In lieu of an abstract, here is a brief excerpt of the content:

From the Mast-Head ometimes a particular issue of Leviathan comes about through long planning. Take our last number focusingon “TeachingMelville.”Or our projected issuefor next fall: S“Melvilleand Milton.”These Special Issues involve guest editors, much e-mailing, not to mention vision, and coordination.They comeboldly announced well in advanceof their arrival.But some issues sneak up on you and leap into your lap, like a child needing a hug. No special planning; no warning;just an embrace of varied thoughts. Such is the case with the number in your hand. The pieces collected here were not contrived to fit together in seamless fashion. Indeed, a journal is where one rightly expects,perhaps desires to find, a bit of grab-bagging .Journal is just a fancy name for “magazine,”and magazine is just French for storehouse , which is American for “aplace to put a lot of stuff.”A goodjournal -and most editors know it - should not be overly indulgent with its Special Issues because such issuesare quite simplytoo nicelydone;they have a coherentfocus and are coherently constructed .Do not get me wrong. I aspire to coherencyas best I can. I recall achievingit one startling day in late August of 1975,but that is not my point. My point is that a journal should be a little messy sometimes if only to reflect the storehousenature of scholarship, which likes to grab things from various worlds and throw them all together.That was my plan for this issue. The plan was simply to have an issue. But when I first pulled the pieces printed here out of the file cabinet, intending I swear it, only to compile them into a loose and very magazinish gathering,I found them snapping together like magnets.And the electricaffinities that make them snap has something to do with America,creation,and multiculturalism. Timothy Marr starts us out w i t h a bracing overview of Melville’s creative process and how it is ineffably linked to his unusually prescient sense of multi-ethnicity.To think, to write,to make books: these are human functionsMelville never tired of and consistently equated with the diversityof human life as though creativityand thought itself were a necessary commingling of races. Elizabeth Schultz approachesmulticulturalismfrom the perspective of the Illustrated Melville,and more specificallyhow generationsof artistshave rendered the racial characters of Moby-Dick with varylng degrees -and more often than not dishearteninglyso -of cultural iconographyDespiteMelville’srefreshingcandor and respect for human diversity, artists have over the years countered the writer’s liberalism with crude stereotyping.And despite notable artistic exceptions which depict with visual subtlety the humanity of Melville’s racial characters, the bulk of Moby-Dick illustration, even today, reflects the worst of that “peculiarinstitution”:America. In the not sojumbledjumble of pieces assembledfor thisissue of Leviathan, we find two shorter essayswhich also resonate with those by Marr and Schultz.Randall Cluff supplies solid evidence that identifies the until-now unknown author of the review of Typee found in the pages of the New York Evangelist. It was this review that excoriated Melville 2 L E V I A T H A N F R O M T H E M A S T - H E A D for his treatment of the missionaries and which led to the eventual expurgation of Qpee. Cluff‘sidentificationof Henry Cheever, friend of Melville’spublisherJohn Wiley and himself the author o f a source on whaling used by Melville later on, will startle and delight Melville scholars. The connection to Marr and Schultz is not necessarily thematically direct, but the link is clear. Melville’s colonial encounter with ethnicitywas never acceptable to the bulk of American readers, and Cluffs essay reminds us that reviewers, like the illustrators who followed well after in their wake, had considerable power in shaping Melville’stext to fit their own ideologies.A second note signals the resurrection of a recurring featurein Leviathan we call Melville’sHand,which focuses on Melville in manuscript or in revision.Douglas Robillard’scontribution inspects the revisions Melville made to his poem “MagianWine,”a tough, mystic, and little-discussedlittle piece from Timoleon that bears closerinspection.Can we find in the concrete evidence of Melville’screative process any...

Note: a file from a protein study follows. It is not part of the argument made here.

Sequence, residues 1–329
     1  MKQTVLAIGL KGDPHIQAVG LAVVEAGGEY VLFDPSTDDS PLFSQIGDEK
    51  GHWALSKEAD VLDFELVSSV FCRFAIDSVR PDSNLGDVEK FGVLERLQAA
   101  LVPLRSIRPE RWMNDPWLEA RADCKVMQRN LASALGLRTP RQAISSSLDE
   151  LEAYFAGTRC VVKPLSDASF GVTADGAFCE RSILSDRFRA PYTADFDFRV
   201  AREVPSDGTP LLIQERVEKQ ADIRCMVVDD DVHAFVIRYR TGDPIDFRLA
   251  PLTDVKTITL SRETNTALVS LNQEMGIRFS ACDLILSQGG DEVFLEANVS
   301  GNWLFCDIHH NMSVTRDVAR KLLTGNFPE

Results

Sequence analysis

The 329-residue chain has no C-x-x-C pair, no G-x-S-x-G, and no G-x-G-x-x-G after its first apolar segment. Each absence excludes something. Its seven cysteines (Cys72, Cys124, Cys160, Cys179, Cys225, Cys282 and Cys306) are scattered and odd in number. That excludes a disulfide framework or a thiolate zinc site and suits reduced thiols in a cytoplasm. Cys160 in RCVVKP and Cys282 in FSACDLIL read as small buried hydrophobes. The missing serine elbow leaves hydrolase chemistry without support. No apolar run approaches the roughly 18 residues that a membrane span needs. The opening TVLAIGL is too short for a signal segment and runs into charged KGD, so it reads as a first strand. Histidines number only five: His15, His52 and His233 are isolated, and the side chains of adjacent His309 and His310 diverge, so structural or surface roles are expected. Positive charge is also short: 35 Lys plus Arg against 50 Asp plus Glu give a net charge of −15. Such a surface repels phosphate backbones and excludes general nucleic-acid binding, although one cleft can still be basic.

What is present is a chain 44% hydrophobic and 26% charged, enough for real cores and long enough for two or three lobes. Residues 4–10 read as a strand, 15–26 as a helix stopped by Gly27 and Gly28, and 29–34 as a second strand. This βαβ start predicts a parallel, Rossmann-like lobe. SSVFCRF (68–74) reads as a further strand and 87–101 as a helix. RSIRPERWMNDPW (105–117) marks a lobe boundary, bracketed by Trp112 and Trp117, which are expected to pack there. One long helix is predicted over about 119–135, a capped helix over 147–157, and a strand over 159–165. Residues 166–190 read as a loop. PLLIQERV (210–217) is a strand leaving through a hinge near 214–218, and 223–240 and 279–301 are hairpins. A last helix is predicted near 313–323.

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Additional Information

ISSN
1750-1849
Print ISSN
1525-6995
Pages
pp. 2-3
Launched on MUSE
2013-05-29
Open Access
No
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